To keep up to date with what is happening and find out when the next survey is open follow @JLA_PtSafetyPSP

Recruiting GP practices to validate the Primary Care Patient Measure of Safety (PC_PMOS)

3 Feb

by Sally Giles, Research Fellow in Core theme

Receptionist and Patient GP Surgery_cropped_small

Study aims

The NIHR Greater Manchester PSTRC project is looking to validate a tool which captures patients’ views of safety in primary care (PC_PMOS). The aim of this tool is to provide feedback to practices about the strengths and weaknesses of the safety of the care they provide from the patients’ point of view. It is intended to be part of practice’s continual quality improvement processes. Details of its development can be found here: http://qualitysafety.bmj.com/content/early/2015/07/03/bmjqs-2015-004268.full

 

What we are asking practices to do?

We are asking local general practices to help us recruit patients to complete this tool which is a survey. Patients will be recruited by the reception/administration staff at general practices on the researcher’s behalf. Every adult patient (over the age of 18) presenting for their appointment at the practice over a designated 4 week period will be invited to participate in the study until 50 patients have completed it. They will be asked by the reception/administration staff at the practice to complete the PC_PMOS survey either before or after their appointment. Each practice will be provided with a secure questionnaire return box for patients to put their questionnaires in. Participants will also be invited by the reception/administration staff at the practice to complete the questionnaire again within one week of undertaking the first questionnaire for test-retest reliability purposes. Those who are willing to complete the questionnaire again will be given the opportunity to opt in and are asked to provide their email address and phone number so a link to the questionnaire can be emailed to them. The first 10% of patients who respond will be emailed a link to the questionnaire to complete.  The anonymised feedback provided by patients on this survey will be made available to practices after the study has been completed. In addition, each staff member at the practice will be required to complete a safety culture survey which should take no more than 20 minutes to complete. Demographic information about the practice and patient profile would also need to be provided to the research team.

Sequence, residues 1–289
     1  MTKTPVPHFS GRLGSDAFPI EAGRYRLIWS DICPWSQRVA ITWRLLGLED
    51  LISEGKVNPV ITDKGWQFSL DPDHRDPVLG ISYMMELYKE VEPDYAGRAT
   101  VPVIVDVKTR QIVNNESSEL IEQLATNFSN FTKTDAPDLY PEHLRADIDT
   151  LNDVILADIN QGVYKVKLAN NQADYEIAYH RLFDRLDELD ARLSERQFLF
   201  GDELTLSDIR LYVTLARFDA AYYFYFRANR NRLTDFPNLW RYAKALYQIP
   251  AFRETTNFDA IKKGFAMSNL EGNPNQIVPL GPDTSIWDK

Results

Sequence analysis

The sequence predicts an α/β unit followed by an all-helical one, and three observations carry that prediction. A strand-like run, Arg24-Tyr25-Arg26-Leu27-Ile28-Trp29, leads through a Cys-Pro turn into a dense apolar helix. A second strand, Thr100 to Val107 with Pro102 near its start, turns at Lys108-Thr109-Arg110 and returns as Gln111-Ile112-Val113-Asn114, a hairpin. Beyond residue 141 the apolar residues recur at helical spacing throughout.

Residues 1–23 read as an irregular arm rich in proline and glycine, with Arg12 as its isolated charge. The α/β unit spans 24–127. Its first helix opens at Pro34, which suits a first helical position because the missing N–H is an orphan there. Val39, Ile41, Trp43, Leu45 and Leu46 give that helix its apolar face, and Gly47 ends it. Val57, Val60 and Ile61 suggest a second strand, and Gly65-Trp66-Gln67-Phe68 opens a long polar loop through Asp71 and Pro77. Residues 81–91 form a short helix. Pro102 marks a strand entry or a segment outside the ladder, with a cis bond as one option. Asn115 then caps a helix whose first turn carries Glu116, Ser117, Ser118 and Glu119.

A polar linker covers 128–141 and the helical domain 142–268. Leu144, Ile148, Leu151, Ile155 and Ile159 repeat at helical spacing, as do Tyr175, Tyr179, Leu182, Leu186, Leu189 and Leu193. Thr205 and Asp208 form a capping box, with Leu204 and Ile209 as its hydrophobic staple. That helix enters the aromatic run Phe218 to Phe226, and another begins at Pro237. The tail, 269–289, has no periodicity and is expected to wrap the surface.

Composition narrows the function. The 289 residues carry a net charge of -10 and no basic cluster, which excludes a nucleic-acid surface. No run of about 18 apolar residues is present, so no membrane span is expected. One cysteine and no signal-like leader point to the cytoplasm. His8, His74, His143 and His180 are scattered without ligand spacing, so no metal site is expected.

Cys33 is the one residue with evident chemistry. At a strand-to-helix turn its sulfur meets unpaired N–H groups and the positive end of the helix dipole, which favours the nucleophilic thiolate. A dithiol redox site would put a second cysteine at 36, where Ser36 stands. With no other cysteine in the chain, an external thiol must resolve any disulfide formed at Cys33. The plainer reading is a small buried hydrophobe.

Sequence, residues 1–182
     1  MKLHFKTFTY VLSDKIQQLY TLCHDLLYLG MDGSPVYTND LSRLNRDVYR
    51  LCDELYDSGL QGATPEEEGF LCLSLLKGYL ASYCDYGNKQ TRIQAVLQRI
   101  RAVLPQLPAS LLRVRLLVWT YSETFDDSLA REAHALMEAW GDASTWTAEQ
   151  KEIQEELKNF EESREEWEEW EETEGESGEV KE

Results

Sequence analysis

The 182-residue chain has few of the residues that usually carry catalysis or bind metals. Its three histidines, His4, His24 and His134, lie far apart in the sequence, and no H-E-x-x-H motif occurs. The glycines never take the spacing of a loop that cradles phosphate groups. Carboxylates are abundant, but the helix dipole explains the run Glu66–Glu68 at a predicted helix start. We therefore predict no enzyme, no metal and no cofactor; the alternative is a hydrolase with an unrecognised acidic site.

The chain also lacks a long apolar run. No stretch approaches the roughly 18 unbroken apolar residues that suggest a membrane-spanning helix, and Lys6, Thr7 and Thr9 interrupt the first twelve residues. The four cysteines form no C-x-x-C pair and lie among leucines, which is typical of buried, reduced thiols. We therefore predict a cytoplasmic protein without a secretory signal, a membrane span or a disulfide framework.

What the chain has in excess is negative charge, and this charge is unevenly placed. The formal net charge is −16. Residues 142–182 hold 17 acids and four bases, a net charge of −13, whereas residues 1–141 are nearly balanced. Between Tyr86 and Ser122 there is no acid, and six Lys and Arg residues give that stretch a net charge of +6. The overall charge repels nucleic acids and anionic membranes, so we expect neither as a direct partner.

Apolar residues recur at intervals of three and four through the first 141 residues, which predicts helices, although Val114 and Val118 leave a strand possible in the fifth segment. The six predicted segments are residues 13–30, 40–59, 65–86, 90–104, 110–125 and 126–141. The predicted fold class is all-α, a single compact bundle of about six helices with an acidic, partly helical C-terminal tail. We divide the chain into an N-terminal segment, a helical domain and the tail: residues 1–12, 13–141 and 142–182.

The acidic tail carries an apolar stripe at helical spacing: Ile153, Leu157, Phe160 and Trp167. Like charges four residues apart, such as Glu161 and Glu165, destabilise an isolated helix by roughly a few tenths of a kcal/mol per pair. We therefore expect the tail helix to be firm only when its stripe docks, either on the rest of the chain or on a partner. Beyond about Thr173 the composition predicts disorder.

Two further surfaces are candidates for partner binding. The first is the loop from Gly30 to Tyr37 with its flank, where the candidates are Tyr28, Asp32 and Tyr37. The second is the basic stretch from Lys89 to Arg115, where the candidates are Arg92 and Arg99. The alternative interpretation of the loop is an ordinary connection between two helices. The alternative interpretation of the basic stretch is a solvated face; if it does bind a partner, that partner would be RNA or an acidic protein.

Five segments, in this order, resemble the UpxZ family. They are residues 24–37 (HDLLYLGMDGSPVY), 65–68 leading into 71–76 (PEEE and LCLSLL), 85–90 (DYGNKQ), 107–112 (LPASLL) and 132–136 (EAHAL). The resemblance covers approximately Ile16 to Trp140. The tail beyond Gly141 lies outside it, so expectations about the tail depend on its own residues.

What are the benefits of being involved in this study?